Nearly 80 schemes set to benefit from cash
Architects have welcomed a £45m cash injection from the government which ministers say will kick-start the building of thousands of homes.
The money will be spent on building roads and utilities and removing asbestos to prepare council-owned land for housing.
Housing minister Dominic Raab said 79 schemes had been successful with their bids with three schemes – in Bristol, North Devon and Teignbridge, also Devon – receiving the biggest handouts of more than £2m each.
The £45m will be distributed to 41 local authorities with all work under the initiative, called the Land Release Fund, completed by March 2020.
Félicie Krikler, director at Assael Architecture, said: “It is very positive to see 79 projects being allocated funds to facilitate the build out of sustainable and well-designed new homes. Council-owned land, not in use and needing remediation offers a great opportunity for this and means that we have a new canvas on which to create new homes.”
Developer Grant Lipton, co-founder of Great Marlborough Estates and son of Stuart Lipton, said: “This is a positive move for housebuilding. If a publicly owned site is operationally redundant then it makes sense that this should be put towards more productive uses. These measures will facilitate this by providing the backbone of vital infrastructure on which homes and communities can thrive.”
The fund was oversubscribed with more than £100m worth of bids received for 143 projects.
Raab said the funding would support the building of more than 7,000 homes on council-owned land and added: “It’s part of our strategy to build the homes Britain needs and carry local communities with us.”
Schemes benefiting include one at Poulton-Le-Fylde, where £1.7m of civils works will be carried out ahead of work to build 330 homes at a site in the Lancashire town, while a scheme to knock down a leisure centre in the middle of Worcester, where 50 homes are planned, is being givrn £750,000 for demolition and asbestos removal works.
Earlier this month, the government said up to 200,000 new homes were set to get off the ground after it confirmed £866m investment in local housing projects.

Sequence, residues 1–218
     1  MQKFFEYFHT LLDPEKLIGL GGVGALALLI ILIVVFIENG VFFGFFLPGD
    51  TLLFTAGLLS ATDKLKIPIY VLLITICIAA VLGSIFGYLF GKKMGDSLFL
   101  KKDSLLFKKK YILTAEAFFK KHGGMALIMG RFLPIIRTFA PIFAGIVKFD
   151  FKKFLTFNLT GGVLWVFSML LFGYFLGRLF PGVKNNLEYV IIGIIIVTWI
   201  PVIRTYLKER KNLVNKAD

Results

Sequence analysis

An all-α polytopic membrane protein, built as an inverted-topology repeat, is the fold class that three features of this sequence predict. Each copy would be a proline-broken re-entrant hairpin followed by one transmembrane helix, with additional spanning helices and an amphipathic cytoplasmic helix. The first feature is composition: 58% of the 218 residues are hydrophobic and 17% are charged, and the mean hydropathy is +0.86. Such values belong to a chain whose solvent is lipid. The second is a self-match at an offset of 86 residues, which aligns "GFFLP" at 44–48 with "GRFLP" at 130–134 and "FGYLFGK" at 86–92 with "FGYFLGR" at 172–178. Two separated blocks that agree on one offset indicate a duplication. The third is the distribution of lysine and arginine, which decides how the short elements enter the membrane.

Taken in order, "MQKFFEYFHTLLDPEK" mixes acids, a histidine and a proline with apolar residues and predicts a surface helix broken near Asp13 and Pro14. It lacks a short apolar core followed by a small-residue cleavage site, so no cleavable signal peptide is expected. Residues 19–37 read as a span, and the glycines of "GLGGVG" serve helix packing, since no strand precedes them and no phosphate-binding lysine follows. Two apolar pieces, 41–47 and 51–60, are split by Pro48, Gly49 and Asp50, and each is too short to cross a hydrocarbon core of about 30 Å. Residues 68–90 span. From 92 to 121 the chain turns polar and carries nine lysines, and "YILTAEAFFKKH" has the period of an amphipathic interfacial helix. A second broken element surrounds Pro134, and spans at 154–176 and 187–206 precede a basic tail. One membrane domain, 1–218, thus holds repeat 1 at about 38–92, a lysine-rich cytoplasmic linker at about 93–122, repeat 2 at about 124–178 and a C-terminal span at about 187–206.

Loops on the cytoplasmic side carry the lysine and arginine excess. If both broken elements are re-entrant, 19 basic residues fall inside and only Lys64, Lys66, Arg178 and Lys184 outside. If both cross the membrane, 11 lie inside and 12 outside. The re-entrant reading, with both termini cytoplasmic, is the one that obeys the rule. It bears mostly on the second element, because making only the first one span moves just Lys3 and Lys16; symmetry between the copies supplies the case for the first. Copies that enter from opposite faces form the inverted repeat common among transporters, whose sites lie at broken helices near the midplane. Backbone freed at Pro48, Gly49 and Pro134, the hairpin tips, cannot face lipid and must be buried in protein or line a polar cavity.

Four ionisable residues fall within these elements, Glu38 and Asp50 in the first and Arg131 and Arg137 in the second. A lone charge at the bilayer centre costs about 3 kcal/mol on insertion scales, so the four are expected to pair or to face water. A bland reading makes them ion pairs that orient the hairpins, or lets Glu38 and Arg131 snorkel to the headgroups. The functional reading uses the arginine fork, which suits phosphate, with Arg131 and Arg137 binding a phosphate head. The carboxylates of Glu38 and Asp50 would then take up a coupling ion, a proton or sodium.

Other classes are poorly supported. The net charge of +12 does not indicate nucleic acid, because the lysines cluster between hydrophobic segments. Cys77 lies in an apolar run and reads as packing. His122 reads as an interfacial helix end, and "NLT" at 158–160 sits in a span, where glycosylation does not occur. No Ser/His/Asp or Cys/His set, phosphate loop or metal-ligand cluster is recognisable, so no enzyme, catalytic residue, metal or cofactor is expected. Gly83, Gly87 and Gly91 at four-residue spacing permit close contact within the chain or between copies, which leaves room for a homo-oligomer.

Housing secretary Sajid Javid and chancellor Philip Hammond said 133 council-led projects across the country will receive funding from its £5bn Housing Infrastructure Fund to support local work that will make housing developments viable.
Meanwhile, a study by the Local Government Association has revealed more than 400,000 homes with planning permission have yet to be built.
The total number of unimplemented planning permissions in England and Wales in 2015/16 was 365,146, rising to 423,544 in 2016/17.
The LGA, which represents 370 councils in England and Wales, says the new analysis underlines the need for councils to be given greater powers such as being able to compulsorily purchase land where homes remain unbuilt, and to be able to charge developers full council tax for every unbuilt development from the point that the original planning permission expires.
The government should also scrap the cap on council borrowing so that councils can quickly build additional new homes that are affordable, it said.
Urbanist and BD columnist Hank Dittmar praised the LGA proposals. But Russell Curtis, founder of RCKa, pointed out that the figures did not reveal anything about the discharge of pre-commencement planning conditions - another major barrier to development.
The figures were likely to include schemes where s106 or pre-start conditions were holding back housing starts, so it was not entirely developers’ fault, he added.